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On Signings

I’ve yet to do a big signing, but here’s an interesting article on them.

To some authors, the book-signing is a curse. What could be more excruciatingly dull, to the sensitive creative mind, than to sit for hours in a festival tent or bookshop, inscribing your name on several hundred copies of your new masterpiece? This isn’t a proper display of your writing talent – a baboon scratching the dirt with a stick could do it just as well. To other authors, signing books for the public is a sacramental act, a talismanic ritual in which the bond between writer and reader, expressed in a few words of warm mutual stroking, is sealed by the seminal squiggle of ink. Between these extremes of attitude lies the truth: book signings are a repetitive chore, mitigated by the pleasure, for authors, of meeting their buying public, and the joy, for readers, of meeting the mind that dreamt up an imaginative creation which lives in their heads. But such is the demand for signed copies that authors often have to sign several thousand books in private, to be sold later.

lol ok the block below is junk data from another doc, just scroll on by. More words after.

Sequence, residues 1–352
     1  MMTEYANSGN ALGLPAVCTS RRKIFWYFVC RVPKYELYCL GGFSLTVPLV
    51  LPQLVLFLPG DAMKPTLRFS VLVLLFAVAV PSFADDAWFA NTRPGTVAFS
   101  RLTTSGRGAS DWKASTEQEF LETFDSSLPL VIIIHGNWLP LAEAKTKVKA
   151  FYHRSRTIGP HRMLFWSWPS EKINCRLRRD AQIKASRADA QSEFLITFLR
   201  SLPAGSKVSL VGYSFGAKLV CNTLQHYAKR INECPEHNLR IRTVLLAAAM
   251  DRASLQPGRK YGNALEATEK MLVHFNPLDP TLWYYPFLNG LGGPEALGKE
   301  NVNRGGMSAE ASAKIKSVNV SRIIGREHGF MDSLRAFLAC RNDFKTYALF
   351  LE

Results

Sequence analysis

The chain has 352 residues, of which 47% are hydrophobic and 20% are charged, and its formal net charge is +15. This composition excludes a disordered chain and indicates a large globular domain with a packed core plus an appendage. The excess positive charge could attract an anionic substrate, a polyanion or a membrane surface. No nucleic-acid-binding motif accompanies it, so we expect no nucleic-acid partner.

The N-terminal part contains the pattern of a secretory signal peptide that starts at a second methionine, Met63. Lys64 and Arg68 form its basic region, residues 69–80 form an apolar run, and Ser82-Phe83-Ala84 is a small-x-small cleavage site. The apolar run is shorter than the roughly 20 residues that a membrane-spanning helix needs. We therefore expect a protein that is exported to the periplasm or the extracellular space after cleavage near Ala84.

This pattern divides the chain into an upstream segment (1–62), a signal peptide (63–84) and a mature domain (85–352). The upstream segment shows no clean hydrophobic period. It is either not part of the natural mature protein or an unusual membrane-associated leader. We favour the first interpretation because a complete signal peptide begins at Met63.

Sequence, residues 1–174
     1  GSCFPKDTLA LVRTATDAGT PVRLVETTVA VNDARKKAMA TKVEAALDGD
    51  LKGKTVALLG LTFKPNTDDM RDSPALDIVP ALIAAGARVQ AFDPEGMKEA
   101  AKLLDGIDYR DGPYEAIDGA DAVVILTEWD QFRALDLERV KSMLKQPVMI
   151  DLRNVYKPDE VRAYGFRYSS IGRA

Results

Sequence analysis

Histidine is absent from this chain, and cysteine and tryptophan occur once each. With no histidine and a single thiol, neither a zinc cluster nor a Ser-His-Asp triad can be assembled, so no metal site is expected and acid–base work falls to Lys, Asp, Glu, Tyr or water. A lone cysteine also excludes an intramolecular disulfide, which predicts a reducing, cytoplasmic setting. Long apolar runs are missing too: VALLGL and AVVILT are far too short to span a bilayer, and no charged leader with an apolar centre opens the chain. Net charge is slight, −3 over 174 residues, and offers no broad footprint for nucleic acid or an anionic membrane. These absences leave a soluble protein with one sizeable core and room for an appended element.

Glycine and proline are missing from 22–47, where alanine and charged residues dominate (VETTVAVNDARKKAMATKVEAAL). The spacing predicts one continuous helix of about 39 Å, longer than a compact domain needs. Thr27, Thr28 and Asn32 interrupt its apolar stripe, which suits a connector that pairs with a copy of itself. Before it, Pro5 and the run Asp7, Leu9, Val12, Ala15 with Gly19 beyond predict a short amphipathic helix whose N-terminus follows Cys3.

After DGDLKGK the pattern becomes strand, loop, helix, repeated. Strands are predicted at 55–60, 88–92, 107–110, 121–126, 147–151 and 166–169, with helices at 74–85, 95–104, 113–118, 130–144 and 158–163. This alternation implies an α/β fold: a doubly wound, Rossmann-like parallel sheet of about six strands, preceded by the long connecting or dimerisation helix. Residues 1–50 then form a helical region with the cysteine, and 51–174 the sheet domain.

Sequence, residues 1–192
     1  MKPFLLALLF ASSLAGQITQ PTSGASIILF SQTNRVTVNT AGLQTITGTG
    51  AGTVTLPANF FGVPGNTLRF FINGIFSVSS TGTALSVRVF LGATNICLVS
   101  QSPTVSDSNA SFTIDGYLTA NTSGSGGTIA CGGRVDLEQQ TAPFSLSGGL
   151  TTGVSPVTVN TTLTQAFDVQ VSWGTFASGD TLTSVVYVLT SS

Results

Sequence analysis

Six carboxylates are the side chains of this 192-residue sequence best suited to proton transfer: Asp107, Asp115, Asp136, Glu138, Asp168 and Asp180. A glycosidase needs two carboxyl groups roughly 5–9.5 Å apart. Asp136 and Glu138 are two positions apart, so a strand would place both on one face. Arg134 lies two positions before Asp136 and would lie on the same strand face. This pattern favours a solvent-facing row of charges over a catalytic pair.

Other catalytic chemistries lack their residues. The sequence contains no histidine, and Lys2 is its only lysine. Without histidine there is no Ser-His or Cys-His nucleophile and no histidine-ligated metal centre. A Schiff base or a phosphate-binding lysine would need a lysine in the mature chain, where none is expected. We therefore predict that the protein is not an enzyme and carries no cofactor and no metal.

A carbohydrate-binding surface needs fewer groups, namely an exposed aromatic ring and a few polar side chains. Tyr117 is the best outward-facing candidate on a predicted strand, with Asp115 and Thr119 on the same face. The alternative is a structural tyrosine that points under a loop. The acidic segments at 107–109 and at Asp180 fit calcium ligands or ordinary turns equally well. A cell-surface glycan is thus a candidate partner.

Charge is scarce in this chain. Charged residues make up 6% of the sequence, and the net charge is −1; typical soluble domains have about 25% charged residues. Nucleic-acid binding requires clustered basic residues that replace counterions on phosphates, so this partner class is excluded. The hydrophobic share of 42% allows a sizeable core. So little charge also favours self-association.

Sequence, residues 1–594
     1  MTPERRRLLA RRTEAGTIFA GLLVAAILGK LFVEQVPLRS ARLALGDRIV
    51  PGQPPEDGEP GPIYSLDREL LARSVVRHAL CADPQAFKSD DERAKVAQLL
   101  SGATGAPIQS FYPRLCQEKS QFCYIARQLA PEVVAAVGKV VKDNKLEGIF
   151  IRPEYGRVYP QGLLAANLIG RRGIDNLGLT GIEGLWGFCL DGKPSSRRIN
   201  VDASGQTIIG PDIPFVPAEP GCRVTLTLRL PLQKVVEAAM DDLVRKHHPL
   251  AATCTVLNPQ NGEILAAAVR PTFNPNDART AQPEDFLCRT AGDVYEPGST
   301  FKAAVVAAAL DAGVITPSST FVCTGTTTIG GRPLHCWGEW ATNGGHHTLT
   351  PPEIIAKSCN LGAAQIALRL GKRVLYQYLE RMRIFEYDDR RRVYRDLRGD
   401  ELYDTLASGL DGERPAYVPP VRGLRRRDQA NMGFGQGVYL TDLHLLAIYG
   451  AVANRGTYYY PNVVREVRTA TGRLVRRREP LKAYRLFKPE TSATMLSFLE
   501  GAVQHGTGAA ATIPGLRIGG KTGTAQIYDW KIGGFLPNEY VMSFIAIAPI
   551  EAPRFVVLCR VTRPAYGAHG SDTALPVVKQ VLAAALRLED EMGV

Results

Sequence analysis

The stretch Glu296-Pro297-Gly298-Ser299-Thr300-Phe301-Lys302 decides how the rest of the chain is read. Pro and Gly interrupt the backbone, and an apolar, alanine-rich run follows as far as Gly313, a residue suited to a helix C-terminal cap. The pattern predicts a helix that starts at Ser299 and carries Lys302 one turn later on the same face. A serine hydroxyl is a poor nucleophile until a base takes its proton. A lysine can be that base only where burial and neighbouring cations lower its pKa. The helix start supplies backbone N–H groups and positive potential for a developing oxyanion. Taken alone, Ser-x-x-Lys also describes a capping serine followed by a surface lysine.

They’re a great humbler, signings. When I worked for Ottakar’s, at one store I looked after events, and it could be terribly embarrassing when you had two people turn up for a signing (and that was if you were lucky). We had decent-selling authors have no one turn up for their gig. Other small-time writers have a loyal following, but you can tell a lot about a writer by how they react to having few people turn up. Many remain sanguine, which is wonderful. But there are some horror stories that I’ve heard in the book-selling network (my word, do booksellers gossip!) that I couldn’t possibly divulge on such a public forum.

By Mark Newton

Born in 1981, live in the UK. I write about strange things.

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